Whether or not one agrees with the Obama approach of constructive engagement, it took critics only a few months to declare it a bust for failing to force Cuba to adopt fundamental human rights and market economic reforms. This was, and remains, patently unrealistic. Some progress was made quickly: release of political prisoners; expanded cooperation on matters such as maritime security, drug trafficking, and counterterrorism; new commercial opportunities for American farmers and travel businesses; a significant drop in illegal immigration; and direct support to the Cuban private sector and religious communities.

Beyond these short-term gains, Obama’s strategic gambit was about laying the groundwork for long-term change, especially as a new generation of post-Castro leadership takes the helm this month. It was aimed at removing the Cuban government’s ability to paint the United States as its mortal enemy, a narrative it has used effectively for decades to consolidate its standing at home and around the world. It was also designed to build bridges for dialogue and reconciliation among Cubans on and off the island, which is at the heart of the problem, and triggered a flood of new exchanges and record levels of remittances to struggling Cuban families. Not surprisingly, large majorities in both countries applauded this new approach.

BOLTON, POMPEO, AND RUBIO

For the vocal constituency of Cuban exiles and their families, who bear bitter feelings toward the Castro regime, Obama’s March 2016 handshake with Raúl was sacrilege. They found, among the many Republicans who support their cause, a late convert in Donald Trump who, in the final stretch of his presidential campaign, hardened his position on Cuba, promising a crowd in Miami that he would reverse Obama’s executive orders “unless the Castro regime meets our demands.” The following June, surrounded by veterans of the failed Bay of Pigs operation in the heart of Miami’s Little Havana, President Trump delivered a theatrical rebuke of Obama’s opening toward Cuba and set in motion new rules to restrict individual travel and prohibit any dealings with Cuba’s leadership or military, police, and security officials and their business entities.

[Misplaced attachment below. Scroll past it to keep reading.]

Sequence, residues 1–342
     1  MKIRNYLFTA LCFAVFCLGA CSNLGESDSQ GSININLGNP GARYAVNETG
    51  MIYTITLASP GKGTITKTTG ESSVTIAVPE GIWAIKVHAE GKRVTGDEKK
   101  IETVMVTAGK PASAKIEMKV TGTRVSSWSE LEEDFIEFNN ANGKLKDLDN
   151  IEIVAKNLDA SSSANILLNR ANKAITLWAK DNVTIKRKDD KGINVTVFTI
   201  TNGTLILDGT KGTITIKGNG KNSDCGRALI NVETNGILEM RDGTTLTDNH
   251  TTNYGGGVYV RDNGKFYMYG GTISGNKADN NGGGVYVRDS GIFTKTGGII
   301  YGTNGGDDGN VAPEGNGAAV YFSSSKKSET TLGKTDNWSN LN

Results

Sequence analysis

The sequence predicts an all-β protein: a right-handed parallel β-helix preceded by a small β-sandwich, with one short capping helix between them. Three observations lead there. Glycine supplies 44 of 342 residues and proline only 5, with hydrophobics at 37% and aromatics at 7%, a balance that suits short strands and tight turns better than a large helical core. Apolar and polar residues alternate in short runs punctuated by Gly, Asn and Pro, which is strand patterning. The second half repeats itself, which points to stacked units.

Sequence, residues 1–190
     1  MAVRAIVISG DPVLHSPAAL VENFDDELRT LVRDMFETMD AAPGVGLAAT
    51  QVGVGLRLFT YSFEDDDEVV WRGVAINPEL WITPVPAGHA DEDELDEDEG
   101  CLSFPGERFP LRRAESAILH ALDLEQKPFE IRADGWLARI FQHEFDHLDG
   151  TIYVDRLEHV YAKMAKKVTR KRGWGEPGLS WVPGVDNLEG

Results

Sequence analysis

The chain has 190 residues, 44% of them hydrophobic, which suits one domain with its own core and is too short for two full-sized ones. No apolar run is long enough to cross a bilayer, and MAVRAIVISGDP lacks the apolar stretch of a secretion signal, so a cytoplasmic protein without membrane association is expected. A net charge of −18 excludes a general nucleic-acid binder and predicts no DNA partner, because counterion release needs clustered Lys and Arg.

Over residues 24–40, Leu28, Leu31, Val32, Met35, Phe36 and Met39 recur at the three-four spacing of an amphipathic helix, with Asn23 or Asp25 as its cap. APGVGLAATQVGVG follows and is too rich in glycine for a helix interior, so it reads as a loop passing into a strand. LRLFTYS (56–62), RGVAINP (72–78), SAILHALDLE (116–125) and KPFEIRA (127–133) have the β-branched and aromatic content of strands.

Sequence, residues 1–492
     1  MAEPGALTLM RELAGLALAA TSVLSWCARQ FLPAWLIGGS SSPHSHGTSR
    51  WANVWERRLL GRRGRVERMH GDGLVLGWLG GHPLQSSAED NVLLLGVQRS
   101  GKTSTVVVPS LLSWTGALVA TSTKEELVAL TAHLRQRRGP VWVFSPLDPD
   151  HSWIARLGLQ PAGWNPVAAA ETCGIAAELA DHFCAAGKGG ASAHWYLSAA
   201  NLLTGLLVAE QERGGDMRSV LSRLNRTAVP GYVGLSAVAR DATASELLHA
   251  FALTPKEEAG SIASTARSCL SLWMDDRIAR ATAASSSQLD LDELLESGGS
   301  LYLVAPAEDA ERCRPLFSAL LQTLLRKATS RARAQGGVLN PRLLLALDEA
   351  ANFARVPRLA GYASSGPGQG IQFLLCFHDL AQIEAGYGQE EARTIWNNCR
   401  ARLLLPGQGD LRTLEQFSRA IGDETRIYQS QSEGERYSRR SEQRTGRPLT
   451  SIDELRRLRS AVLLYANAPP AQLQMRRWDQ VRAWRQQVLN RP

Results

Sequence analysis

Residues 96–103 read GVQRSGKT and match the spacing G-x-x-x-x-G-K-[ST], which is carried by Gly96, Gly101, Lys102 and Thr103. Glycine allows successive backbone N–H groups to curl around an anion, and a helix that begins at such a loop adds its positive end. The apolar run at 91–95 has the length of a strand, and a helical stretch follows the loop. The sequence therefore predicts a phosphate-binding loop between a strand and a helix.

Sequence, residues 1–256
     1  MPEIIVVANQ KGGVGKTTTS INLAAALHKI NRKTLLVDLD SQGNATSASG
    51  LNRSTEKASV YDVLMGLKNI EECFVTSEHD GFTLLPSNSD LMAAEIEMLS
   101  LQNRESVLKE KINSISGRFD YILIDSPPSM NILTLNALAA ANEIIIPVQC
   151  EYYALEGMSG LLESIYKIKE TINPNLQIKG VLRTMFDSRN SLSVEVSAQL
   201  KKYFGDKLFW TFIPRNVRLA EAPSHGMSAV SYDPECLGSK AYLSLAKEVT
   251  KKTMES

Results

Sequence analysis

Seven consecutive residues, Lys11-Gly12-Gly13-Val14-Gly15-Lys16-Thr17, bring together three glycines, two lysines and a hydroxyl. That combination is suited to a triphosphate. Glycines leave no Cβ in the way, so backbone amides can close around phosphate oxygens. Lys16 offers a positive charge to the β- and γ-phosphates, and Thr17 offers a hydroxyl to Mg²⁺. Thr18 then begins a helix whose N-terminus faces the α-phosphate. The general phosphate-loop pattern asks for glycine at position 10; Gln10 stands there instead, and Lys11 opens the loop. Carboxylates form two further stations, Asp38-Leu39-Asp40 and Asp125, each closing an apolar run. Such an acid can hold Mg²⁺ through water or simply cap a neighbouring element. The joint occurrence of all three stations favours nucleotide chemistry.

For Senator Rubio, the architect of Trump’s hardline approach toward Cuba, this tightening of the screws was not enough. The new rules, for example, allowed any previously negotiated business deals to remain intact, permitted air and cruise ship travel to continue, and kept Cuba off the state sponsors of terrorism list. (Obama’s authorization of unlimited travel and remittances for Cuban Americans, popular in Miami, notably went untouched.) When mysterious ailments affecting over 20 U.S. personnel were reported in the late summer of 2017, Rubio and his allies jumped on the opportunity to demand additional steps to punish the Cuban government for failing to prevent or explain the source of the incidents. Trump ordered diplomats in both countries to go home and issued severe travel warnings. The result: a dramatic reduction in the number of Americans visiting the island, and vice versa. This directly undermines the administration’s purported goal of supporting Cuba’s burgeoning private sector, which U.S. visitors help sustain.

Now, enter John Bolton and Mike Pompeo, stage right. Both have strongly criticized the Castro government and vociferously opposed Obama’s overtures to Havana. Bolton, who was roundly criticized in the 2000s for his unfounded allegation that Cuba was developing biological weapons, wroteas recently as January that “Russian meddling in Latin America could inspire Trump to reassert the Monroe Doctrine (another casualty of the Obama years) and stand up for Cuba’s beleaguered people (as he is now for Iran’s).” Given Russia’s expanding security and economic relationship with Havana, and the general hardening of U.S. policy toward Moscow, this is no longer an abstract notion. Bolton also doubted whether the Cuban regime can survive much longer, a perennial claim used to justify more punitive sanctions, despite Cuba’s ability to withstand five decades of the U.S. embargo, threats, attacks, and assassination attempts.